Cuba and Socialism

She fled Communist Cuba in 2015. A girl who made it to the United States is explaining what Cuba is like, “I love my country. I hate my government.” Through a little more probing, this Cuban girl says that if you kill a man…

…you get 20 years in prison, but if you kill a cow you get 40 years in prison because the cow is not yours—even though you take care of it. Nothing is really yours. There is no private property in Cuba, socialism abolished it. Now this Cuban girl has a car, a job, and a cell phone. Her responsibility and freedom. Welcome to the United States.

There are three major economic systems:

  • Socialism
  • Capitalism
  • Interventionism

Socialism is characterized as a command system, where, all power and all economic decisions come from a few people at the top of a pyramid. Whereas Capitalism is the peaceful means of economic exchange.  Capitalism is different from socialism in that socialism is forceful and capitalism is peaceful. Dr. Ronald Nash explains it well. He says that Capitalism says, “You do something good for me, and I will do something good for you.” Socialism will say, “You do something good for me or else something bad will happen to you.” A combination of the two systems could be called “Interventionism;” which is characterized as a state or government having the authorization to intervene with a free market economy whenever politicians deem it prudent or advantageous.

Many people think the United States has a capitalistic economic system. From the above list of definitions, the United States would be characterized as an interventionist economic system. What happened during the depression of the late 1920’s and early 1930’s is a great example. Dr. Ronald Nash, author of Poverty and Wealth, stated that due to the government intervening in the economy, the great depression occurred; if the government stayed out of the economy during the depression, the economy would have eventually fixed itself. The government intervened and  prolonged the depression. They did not look at the long term effects. Other examples of how the U.S. government intervenes is through unemployment, deflation, interest rates, recessions, and depressions.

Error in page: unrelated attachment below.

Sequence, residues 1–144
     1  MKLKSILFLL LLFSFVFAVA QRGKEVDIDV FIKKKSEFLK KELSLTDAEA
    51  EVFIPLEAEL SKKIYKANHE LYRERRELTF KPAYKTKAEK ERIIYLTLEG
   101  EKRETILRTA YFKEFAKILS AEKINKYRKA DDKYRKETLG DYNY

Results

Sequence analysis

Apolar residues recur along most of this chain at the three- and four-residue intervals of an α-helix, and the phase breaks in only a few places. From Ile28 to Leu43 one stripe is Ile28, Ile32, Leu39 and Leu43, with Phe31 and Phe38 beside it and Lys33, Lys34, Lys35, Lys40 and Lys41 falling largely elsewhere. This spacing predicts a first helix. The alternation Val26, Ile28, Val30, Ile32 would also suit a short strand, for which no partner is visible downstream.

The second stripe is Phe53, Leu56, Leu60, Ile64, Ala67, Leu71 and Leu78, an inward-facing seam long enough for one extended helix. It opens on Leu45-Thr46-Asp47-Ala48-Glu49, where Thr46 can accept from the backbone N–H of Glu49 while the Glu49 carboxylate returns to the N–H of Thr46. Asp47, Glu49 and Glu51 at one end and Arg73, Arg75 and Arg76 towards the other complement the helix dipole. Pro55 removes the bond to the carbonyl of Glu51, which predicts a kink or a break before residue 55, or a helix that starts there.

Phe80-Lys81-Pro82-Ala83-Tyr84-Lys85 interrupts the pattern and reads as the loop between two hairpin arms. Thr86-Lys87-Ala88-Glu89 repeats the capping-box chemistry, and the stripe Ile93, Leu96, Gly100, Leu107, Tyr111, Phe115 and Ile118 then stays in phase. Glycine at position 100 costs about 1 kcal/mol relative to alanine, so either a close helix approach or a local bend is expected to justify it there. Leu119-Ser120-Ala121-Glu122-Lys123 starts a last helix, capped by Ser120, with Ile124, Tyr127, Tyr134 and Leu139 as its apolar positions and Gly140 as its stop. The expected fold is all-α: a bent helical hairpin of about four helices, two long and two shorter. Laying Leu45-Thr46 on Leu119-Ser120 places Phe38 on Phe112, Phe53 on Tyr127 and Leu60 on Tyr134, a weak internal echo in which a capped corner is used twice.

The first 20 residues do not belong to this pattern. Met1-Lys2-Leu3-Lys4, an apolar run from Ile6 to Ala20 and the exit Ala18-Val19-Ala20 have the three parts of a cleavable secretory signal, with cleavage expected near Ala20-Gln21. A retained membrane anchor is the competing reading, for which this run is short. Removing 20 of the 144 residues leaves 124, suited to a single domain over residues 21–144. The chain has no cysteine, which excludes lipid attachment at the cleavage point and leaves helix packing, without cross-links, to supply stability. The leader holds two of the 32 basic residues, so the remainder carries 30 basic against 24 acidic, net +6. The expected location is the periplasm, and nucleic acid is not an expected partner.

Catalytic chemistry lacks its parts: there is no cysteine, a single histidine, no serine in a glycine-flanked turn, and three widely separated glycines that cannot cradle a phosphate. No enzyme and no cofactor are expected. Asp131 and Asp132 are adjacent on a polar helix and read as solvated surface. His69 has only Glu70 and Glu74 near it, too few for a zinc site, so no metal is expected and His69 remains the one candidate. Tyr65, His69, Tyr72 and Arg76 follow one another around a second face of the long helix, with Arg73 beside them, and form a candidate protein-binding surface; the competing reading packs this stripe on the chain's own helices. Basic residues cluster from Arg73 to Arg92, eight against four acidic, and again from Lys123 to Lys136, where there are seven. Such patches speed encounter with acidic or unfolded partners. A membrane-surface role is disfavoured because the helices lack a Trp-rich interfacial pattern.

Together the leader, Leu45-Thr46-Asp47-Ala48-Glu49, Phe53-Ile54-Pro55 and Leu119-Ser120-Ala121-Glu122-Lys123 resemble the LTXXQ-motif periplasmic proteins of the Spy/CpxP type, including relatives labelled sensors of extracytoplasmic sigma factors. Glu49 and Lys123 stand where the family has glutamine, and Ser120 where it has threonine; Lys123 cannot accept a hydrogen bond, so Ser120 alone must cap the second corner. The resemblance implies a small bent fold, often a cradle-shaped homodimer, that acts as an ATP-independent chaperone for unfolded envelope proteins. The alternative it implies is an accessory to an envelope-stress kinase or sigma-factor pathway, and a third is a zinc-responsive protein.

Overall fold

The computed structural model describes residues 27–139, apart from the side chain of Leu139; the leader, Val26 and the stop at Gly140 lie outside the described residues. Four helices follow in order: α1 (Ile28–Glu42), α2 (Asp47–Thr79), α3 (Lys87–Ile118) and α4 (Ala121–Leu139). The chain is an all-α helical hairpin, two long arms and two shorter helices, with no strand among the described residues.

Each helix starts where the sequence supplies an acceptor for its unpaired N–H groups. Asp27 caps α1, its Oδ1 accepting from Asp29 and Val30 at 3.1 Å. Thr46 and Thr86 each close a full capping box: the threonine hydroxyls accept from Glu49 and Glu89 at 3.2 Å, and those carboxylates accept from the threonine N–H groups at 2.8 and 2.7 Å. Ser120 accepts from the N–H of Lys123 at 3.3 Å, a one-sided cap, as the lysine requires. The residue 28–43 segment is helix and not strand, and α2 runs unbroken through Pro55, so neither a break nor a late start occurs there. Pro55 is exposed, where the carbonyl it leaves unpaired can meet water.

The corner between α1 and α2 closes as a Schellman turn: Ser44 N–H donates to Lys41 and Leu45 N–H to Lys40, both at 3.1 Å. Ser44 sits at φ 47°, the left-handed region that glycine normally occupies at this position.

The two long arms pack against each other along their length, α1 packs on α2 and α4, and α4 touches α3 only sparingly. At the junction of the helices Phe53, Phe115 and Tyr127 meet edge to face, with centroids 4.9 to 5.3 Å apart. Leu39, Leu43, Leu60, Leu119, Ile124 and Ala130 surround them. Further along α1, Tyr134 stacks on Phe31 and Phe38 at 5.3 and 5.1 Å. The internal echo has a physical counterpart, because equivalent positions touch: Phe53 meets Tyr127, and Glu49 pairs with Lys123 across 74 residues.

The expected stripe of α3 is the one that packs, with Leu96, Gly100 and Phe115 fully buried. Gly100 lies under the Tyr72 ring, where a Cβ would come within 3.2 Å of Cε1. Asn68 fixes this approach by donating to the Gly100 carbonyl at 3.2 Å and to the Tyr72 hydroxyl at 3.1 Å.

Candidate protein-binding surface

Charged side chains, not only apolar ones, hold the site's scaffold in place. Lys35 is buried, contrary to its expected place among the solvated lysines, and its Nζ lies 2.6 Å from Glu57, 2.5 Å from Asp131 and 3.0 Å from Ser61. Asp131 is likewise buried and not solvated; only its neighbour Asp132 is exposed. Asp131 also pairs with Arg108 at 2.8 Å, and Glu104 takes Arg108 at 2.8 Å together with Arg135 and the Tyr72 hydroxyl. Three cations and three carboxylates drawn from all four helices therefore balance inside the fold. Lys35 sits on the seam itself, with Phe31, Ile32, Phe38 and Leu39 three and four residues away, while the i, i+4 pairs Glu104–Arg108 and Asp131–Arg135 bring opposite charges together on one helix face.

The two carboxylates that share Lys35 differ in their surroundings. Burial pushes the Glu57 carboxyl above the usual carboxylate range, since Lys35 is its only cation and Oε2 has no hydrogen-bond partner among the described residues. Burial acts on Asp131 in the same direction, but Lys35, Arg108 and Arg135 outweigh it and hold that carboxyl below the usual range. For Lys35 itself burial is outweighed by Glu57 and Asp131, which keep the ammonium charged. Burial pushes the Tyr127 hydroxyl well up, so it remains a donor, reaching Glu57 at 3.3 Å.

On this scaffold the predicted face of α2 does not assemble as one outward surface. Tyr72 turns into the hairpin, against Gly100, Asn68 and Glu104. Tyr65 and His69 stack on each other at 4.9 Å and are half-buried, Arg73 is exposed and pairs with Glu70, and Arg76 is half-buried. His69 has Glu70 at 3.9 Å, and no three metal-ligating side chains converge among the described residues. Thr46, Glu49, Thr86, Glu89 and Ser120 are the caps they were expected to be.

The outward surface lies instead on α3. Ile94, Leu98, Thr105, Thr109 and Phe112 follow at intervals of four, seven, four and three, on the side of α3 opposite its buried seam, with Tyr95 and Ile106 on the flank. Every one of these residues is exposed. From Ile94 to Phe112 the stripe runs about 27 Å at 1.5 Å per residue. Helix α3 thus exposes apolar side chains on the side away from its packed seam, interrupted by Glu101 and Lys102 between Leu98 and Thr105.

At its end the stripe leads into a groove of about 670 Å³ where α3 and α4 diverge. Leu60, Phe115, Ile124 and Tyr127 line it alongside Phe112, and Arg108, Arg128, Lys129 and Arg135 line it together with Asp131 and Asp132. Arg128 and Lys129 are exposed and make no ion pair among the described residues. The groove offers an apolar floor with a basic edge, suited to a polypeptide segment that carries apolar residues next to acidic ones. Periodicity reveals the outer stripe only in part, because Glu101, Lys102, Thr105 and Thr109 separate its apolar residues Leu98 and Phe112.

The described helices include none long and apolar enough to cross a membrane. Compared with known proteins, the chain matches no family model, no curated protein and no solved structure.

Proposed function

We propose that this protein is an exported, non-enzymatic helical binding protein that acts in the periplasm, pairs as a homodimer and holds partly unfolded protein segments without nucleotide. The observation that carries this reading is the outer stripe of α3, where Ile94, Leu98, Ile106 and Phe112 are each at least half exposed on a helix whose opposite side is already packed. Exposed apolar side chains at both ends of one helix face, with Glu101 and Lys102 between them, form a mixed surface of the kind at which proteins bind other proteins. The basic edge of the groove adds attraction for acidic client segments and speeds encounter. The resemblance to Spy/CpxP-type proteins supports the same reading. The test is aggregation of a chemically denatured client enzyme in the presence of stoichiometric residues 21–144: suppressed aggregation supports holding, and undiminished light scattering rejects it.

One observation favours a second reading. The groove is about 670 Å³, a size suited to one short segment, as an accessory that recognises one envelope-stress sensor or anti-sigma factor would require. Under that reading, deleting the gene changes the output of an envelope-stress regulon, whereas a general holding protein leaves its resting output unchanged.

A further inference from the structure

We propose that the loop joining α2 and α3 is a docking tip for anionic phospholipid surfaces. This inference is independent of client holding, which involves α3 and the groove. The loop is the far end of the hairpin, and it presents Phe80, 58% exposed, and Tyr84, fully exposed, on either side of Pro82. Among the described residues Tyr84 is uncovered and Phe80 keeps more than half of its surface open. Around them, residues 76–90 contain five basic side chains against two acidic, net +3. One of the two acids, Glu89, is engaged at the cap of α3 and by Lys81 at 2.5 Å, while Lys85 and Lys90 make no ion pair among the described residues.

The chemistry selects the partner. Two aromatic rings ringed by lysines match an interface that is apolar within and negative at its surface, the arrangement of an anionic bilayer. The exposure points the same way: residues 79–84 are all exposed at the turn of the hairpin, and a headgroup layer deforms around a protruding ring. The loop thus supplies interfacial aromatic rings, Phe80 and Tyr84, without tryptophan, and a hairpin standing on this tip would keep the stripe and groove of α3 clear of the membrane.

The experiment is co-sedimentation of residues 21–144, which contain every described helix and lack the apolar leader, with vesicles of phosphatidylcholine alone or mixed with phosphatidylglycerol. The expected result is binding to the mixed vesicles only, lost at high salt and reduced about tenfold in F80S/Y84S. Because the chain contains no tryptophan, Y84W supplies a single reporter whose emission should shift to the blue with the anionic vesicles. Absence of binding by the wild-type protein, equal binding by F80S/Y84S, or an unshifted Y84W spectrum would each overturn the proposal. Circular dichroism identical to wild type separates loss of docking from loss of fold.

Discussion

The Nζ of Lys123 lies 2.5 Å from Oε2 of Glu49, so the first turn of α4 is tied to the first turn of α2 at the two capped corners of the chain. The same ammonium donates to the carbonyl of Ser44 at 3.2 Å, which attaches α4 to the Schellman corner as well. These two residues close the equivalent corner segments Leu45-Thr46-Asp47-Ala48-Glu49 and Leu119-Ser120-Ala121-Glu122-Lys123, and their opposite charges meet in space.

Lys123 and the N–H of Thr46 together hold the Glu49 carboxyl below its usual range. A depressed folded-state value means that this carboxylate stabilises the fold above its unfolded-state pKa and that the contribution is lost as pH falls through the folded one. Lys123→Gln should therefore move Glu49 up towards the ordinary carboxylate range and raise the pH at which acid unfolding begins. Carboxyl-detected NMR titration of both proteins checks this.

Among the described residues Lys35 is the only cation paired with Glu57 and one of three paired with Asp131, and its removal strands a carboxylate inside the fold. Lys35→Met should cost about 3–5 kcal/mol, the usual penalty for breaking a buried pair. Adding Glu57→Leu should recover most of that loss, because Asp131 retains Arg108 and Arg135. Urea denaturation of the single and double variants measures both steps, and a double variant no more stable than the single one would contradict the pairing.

There are some people who think that socialism would be okay if all the people volunteered to be a part of a socialist government. This is called voluntary socialism. This system is naïve. Even if every single person originally signed up for this system, after a while people would get sick and tired of lazy people bumming off the system and want to get out—which could not happen at that point in time. They would be stuck.

Here is the problem with socialism: It is stealing and it is unbiblical. Socialism at it’s core means that there is to be no private property. We see from the earliest chapters of Genesis, Lot and Abram divided the property set before them. We see property laws set up in the Pentateuch. We see in 2 Corinthians that the church was not forced to give their property to those in need. They did it out of love. However, Socialism forces people to give their money and possessions to those in need. Socialism makes mandatory what God left voluntary.

The movie “The Village” shows a great example of what a group can do to have their perfect socialist world. They can go out in the middle of nowhere and set up their community. They don’t have to enforce and force socialism on to people.